Flammable liquids- A burning issue

This publication is for: 
BuilderEmployee / workerEmployer

A warning has been issued on the dangers of storing and handling flammable liquids, particularly petrol.

A serious accident involving a jerrycan full of petrol renewed calls for caution in the handling and storage of flammable liquids.

A man was seriously burned after a jerrycan containing petrol ignited while he was attempting to re-fuel a compressor in the rear of a utility.

The cause of ignition has not been established. The incident occurred without warning, and even after extensive investigations, no obvious cause has been identified. This shows how dangerous petrol can be. Transferring any flammable liquid can cause static buildup and sparking in some circumstances, and synthetic clothes can also cause a static spark that can ignite vapours.

There are several ways of reducing the dangers associated with handling flammable liquids such as petrol:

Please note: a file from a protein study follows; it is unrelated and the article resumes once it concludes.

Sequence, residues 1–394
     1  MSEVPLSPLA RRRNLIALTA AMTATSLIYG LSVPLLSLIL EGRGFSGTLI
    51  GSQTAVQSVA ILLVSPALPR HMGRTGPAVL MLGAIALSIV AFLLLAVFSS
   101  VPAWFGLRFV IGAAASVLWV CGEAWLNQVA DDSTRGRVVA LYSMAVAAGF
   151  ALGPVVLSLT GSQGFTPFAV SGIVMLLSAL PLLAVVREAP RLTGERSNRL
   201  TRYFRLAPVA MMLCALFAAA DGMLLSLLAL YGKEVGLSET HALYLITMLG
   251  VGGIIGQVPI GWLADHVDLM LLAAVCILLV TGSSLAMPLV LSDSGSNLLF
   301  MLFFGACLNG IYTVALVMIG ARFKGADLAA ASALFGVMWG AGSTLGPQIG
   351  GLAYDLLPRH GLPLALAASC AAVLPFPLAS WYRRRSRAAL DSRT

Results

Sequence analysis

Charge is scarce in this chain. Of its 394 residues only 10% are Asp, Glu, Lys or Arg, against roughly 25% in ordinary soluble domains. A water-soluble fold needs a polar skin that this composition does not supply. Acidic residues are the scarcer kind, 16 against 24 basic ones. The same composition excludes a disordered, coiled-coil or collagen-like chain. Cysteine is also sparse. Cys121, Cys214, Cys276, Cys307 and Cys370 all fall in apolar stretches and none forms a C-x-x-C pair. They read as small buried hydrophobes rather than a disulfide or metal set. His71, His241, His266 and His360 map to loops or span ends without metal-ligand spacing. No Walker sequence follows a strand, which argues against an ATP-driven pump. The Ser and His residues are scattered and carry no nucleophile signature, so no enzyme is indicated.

• machinery should be taken away from the refuelling area before starting it, and refuelling should not be done in confined areas;
  • machinery should not be refuelled while it is running;
  • carrying jerrycans or containers in the boot of a car is not advisable, as shaking causes petrol to vaporise and expand, resulting in potential ignition when the cap is removed;
  • container caps should always be removed slowly to release vapours, and the opening should be pointed away from the face and body;
  • containers of fuel should never be left in the sun or near a flame or any other source of ignition, and there should be no smoking in the vicinity;
  • containers should always be approved for carrying flammable liquids;
  • place containers on the ground when filling them and keep the nozzle in contact with the container to prevent static.

Further information on the storage and use of flammable liquids.

Further information

For more information contact WorkSafe or the Explosives and Dangerous Goods branch of the Department of Mines and Petroleum.

Fact sheet
Last updated 23 May 2014

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